SOUTH AFRICA – Cloudline, a South African aerospace startup, has raised US$6 million in funding to spearhead carbon emissions-free autonomous flight globally. 

The seed round includes investment from Schmidt Futures, the philanthropic venture founded by former Google CEO Eric Schmidt and Wendy Schmidt. Other supporters include pan-African funds like the Raba Partnership, Verod-Kepple Africa Ventures, 4Di Capital, and various venture firms.

The startup specializes in autonomous airships that offer a cost-effective alternative to drones, helicopters, and satellites. 

These airships enable real-time data capture in remote and challenging-to-reach locations, presenting a solution for areas that are both difficult to access and expensive to serve. The key strengths of Cloudline’s airships lie in their impressive range, endurance, and efficiency.

Having completed the regulatory approvals process, Cloudline has launched its commercial operations in South Africa. The startup is actively pursuing expansion into neighboring countries, namely Namibia and Mozambique, with subsequent plans to enter global markets.

According to TechCrunch, the genesis of Cloudline traces back six years when its founder and CEO, Spencer Horne, envisioned crafting a transportation system.

This system would link remote communities to the worldwide supply chain by leveraging the capabilities of lightweight uncrewed aerial vehicles for delivering sizable payloads.

Horne’s inspiration for this ambitious endeavor was deeply rooted in childhood memories. Growing up near a South African railway crossing fueled his passion for transportation technology, especially aviation.

Although Horne faced hurdles pursuing aeronautical studies in the U.S., as a Harvard graduate, his commitment led him back to Africa to pioneer advancements in the sector.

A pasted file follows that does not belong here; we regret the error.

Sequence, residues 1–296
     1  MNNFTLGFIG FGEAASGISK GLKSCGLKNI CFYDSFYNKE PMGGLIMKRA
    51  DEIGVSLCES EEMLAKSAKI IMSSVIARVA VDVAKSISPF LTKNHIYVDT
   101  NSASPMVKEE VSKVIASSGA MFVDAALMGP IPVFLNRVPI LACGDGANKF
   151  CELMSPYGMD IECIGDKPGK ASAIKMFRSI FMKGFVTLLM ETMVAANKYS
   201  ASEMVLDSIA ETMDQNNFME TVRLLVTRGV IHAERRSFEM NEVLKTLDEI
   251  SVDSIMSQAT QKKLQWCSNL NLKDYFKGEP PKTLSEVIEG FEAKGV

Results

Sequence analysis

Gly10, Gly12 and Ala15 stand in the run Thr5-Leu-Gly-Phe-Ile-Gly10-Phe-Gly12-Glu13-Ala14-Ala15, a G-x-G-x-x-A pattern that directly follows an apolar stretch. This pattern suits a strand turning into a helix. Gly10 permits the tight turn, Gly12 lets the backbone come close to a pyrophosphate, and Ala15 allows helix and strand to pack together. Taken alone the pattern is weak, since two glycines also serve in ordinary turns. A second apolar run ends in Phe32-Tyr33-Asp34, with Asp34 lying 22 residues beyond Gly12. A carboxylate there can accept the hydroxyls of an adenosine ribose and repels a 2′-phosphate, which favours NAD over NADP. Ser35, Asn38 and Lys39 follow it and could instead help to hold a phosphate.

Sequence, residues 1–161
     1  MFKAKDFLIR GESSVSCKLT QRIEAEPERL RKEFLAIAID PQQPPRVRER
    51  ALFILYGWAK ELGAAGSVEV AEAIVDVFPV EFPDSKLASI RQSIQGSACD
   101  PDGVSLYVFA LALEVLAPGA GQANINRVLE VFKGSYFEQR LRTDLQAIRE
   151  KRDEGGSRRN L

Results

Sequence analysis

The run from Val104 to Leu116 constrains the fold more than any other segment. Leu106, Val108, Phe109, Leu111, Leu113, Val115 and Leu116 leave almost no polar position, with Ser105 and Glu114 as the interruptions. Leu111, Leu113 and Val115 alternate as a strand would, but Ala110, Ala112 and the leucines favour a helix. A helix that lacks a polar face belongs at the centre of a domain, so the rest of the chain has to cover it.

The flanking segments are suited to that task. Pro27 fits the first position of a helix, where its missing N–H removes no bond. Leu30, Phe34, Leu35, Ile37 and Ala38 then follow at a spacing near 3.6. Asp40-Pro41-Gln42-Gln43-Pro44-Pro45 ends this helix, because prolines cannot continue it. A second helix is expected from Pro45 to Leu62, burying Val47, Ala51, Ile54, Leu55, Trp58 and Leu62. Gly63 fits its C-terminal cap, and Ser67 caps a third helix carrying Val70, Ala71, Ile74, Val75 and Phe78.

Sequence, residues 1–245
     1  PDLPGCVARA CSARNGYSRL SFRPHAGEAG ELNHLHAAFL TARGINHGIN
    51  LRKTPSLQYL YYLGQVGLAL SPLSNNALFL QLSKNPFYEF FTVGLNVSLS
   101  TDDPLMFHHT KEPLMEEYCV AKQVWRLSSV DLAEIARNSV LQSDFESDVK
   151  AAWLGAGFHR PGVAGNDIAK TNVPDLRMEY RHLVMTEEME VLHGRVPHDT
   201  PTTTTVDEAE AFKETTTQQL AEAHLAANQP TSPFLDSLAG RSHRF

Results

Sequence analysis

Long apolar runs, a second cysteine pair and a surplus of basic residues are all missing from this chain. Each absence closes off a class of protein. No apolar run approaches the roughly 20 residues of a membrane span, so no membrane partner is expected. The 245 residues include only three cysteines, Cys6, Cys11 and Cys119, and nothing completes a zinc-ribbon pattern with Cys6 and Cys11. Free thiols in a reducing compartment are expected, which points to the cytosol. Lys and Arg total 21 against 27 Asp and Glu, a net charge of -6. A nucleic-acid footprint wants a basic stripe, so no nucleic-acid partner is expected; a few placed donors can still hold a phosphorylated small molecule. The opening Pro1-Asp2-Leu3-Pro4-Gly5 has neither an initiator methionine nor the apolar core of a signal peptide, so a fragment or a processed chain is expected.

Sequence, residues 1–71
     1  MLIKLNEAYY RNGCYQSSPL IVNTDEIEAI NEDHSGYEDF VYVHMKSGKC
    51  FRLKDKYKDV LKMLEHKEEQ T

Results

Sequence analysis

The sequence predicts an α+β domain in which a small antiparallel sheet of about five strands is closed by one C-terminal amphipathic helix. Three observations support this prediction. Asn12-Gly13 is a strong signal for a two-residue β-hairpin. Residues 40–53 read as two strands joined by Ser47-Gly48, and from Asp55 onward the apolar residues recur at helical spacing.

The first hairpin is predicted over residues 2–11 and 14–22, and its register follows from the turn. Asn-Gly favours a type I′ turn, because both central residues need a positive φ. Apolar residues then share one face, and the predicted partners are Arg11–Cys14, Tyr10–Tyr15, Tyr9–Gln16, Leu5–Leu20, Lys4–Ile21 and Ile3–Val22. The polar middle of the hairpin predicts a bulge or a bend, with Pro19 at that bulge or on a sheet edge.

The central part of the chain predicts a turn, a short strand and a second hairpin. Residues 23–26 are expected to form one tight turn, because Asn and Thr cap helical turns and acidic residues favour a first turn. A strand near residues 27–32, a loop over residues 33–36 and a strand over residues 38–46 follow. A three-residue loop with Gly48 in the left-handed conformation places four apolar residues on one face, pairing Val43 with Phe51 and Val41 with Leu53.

Before launching Cloudline, Horne invested two years at McKinsey, broadening his professional network and gaining profound insights into the multifaceted challenges confronting African communities.

His experiences, particularly in East African regions like Kenya and Uganda, illuminated the profound influence of infrastructure on the quality of life.

Recognizing a niche, Horne established Cloudline in 2019, amalgamating technology, transportation, and community-centric outcomes.

Cloudline distinguishes itself by emphasizing hardware in a relatively untapped market.

Today, the six-year-old startup garners significant attention, especially from governmental entities seeking platforms for diverse payload capacities, particularly multi-sensor payloads for aerial surveillance.

Cloudline’s innovative approach integrates visual, infrared, lidar, and other sensory data in unified flights, presenting a holistic data perspective.

This capability proves invaluable for utilities managing linear infrastructure like power lines, pipelines, railways, and roads, facilitating enhanced maintenance and security measures.

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